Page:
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Re: headers= and rowgroup

From: Leif Halvard Silli <lhs@malform.no>
Date: Fri, 14 Sep 2007 03:58:37 +0200
Message-ID: <dcb158e909cfae88363501937f2de866@10013.local>
To: "Thomas Broyer" <t.broyer@gmail.com>
Cc: public-html@w3.org

2007-09-13 23:23:50 +0200 "Thomas Broyer" <t.broyer@gmail.com> wrote:

> 2007/9/12, Leif Halvard Silli:
>> On 2007-09-12 16:53:27 +0200 "Anne van Kesteren"
>>> On Wed, 12 Sep 2007 16:39:50 +0200, Leif Halvard Silli
>>>> Please quote. I don't see anything that can be interpreted like that.
>>> 
>>> I quoted the definition of rowgroup before.
>> 
>> Irrelvant and out of context.
>> 
>> The context: Which text it is that allow you to say that @HEADERS
>> is augmentive in HTML4. Please quote. I don't see anything that can
>> be interpreted like that.
> 
> HTML4, §11.4.1 reads:
> For a given data cell, the headers attribute lists which cells provide
> pertinent header information. For this purpose, each header cell must
> be named using the id attribute. Note that it's not always possible to
> make a clean division of cells into headers or data. You should use
> the TD element for such cells together with the id or scope attributes
> as appropriate.
> For a given header cell, the scope attribute tells the user agent the
> data cells for which this header provides information. Authors may
> choose to use this attribute instead of headers according to which is
> more convenient; the two attributes fulfill the same function. The
> headers attribute is generally needed when headers are placed in
> irregular positions with respect to the data they apply to.
> 
> "You may use scope (on header cell) instead of headers (on data cell)"
> does not mean you can't use both; and the spec is silent on such a
> case.

Thanks for (generous) quote and explanation of your reading. There is not doubt that the spec doesn't discuss such a case. 

But still, since it has been claimed by Anne that the spec hints that @HEADERS is augmentative (and while waiting for quotes from the text to suppport that claim), we can apply logic to see if it would be in accordance with anything in spec to say that @HEADERS is agumentative. E.g. if we have these two rows,

<TR><TH ID=myhead>1<TD>2</TR>
<TR><TH SCOPE=row>3<TD HEADERS=myhead>4</TR>

then, if we were to expect that the header information which cell «3» propagates was added to the information from @HEADERS in cell «4» (so that cell «4» would have both cell «3» and cell «1» as headers), then we would contradict how @HEADERS is described other places, e.g. in section 11.4.3 («the basic algorithm»), where it is clearly said that

        If a header cell has the headers attribute set, then the headers
        referenced by this attribute are inserted into the list and the
        **search stops for the current direction**.

The «basic algorithmn» is actually what is *always* happening, when we use @HEADERS. It is just that when a cell has @HEADERS, then the search for header cells stops before it has even begun. We can use @HEADERS to *limit* - or portion - which header cells a cell has _for accessibility reasons_ - i.e. to not overwhelm the user with info. (While we in this group tend to be conserned about the opposite, it seems: how to associate as many headers as possible.). For instance, just read what HTML 4 says about @axis - there you will se a discussion about how to use @AXIS in order to not overwhelm uses with table information information.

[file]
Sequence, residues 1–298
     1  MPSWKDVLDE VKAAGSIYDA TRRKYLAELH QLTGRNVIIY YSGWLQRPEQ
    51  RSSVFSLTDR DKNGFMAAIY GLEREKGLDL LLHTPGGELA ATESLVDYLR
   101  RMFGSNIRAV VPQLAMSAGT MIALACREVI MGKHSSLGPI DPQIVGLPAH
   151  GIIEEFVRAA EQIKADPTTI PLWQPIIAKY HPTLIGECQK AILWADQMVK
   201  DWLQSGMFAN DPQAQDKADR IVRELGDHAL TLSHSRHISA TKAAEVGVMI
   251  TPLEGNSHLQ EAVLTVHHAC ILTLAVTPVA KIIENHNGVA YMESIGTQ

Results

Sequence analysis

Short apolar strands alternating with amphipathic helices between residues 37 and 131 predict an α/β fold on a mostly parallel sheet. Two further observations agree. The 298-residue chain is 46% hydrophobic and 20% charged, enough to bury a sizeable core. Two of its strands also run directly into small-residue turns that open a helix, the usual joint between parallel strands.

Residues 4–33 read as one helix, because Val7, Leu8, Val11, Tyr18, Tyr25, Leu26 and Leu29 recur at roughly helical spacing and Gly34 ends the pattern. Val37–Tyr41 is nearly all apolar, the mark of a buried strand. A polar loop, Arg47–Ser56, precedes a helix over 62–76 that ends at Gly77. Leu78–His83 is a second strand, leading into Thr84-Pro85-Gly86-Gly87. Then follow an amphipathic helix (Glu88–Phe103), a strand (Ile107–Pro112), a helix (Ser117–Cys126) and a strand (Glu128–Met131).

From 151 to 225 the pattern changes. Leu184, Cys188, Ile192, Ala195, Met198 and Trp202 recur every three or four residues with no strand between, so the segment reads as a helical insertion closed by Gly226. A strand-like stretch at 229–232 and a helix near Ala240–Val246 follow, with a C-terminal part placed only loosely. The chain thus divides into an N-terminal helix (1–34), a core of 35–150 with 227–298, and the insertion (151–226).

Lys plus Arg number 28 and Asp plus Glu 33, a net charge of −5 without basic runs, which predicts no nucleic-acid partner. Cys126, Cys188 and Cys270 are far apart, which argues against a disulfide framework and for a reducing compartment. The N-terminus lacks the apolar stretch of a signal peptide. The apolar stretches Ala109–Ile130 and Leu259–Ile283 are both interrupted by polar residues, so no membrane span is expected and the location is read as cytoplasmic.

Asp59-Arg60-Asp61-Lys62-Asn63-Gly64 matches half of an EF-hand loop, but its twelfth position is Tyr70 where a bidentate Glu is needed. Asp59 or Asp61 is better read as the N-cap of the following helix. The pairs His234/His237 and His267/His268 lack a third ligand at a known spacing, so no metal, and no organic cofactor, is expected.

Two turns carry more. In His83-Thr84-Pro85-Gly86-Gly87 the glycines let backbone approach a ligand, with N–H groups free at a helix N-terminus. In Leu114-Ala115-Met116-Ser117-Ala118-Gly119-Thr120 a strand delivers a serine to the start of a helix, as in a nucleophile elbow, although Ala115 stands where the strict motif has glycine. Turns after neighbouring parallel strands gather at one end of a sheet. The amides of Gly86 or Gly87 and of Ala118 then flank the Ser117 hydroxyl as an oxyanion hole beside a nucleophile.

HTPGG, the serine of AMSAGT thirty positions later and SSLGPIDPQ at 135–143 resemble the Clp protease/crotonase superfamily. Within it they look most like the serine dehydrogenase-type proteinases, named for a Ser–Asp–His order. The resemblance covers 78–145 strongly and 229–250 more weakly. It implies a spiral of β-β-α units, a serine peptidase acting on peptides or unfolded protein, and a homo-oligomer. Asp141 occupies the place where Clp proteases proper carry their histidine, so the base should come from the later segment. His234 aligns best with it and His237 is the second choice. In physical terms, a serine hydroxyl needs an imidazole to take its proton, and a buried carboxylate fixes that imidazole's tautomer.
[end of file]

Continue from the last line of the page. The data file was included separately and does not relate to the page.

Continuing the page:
>> Below I present some TBODY-s with 4 cells in each. The «RGR» text
>> represents a header cell.  Please show me, by subtituting the "_" with
>> an "S", the effect which the SCOPE="rowgroup" is causing - according
>> to your reading of the HTML5 draft and HTML4:
>> 
>>         Showing <TH colspan=0 scope=rowgroup>RGR</TH>
>> HTML4:        HTML5:
>>  (1)    RGR          RGR
>>         _ _          _ _
>> 
>>         Showing <TH rowspan=0 scope=rowgroup>RG</TH>
>> HTML4:        HTML5:
>>  (2)    R _            R _
>>         G _            G _
>> 
>>         Showing <TH rowspan=1 scope=rowgroup>R</TH>
>> HTML4:        HTML5:
>>  (3)    R _            R _
>>         _ _            _ _
>> 
>>         Showing <TH colspan=1 scope=rowgroup>R</TH>
>> HTML4:        HTML5:
>>  (4)    R _            R _
>>         _ _            _ _
> 
> I'd replace *all* of your _ with an S, because rowspan and colspan
> have nothing to do with colgroups and rowgroups.

First, I hope we can get more illustrations into the HTML 5 draft. Contrary to the draft, the HTML 4 spec has at least a few of those - not least for the tables! Having illustrations inside the spec would _increase_ how accessible it is! :-) For instsance, how its @scope algoritm works would be natural to illustrate.

I don't claim above that rowspan or colspan has anything to do with column groups or row groups. But Anne used colspan="0" (or the exact equavelent) in his table. And, as the @SCOPE value 'rowgroup' is attached to a certain cell, then authors mus know if it matters how many colums or rows that cell covers. If a  cell with scope=row covers two rows, then I guess it als scope its headerness to both rows. (colspan=0 spans the entire width, rowspan=0 spans the entire height).

But if I get you right, then for e.g. the last example, you are saying that the R-cell, which has the @SCOPE=rowgroup, is header for all the other cells - as below?

                   R s
                   s s

Are you then reading the wording «the rest of» in the specification for 'rowgroup' as «all the others»? (I.e. «... the rest of the row group that contains it» = 'all the other cells in the row group'). Or are we talking past each others ... (because I would never gotte the idea of interpreting @SCOPE=rowgroup that way ...)
-- 
leif halvard silli
Received on Friday, 14 September 2007 01:58:55 UTC

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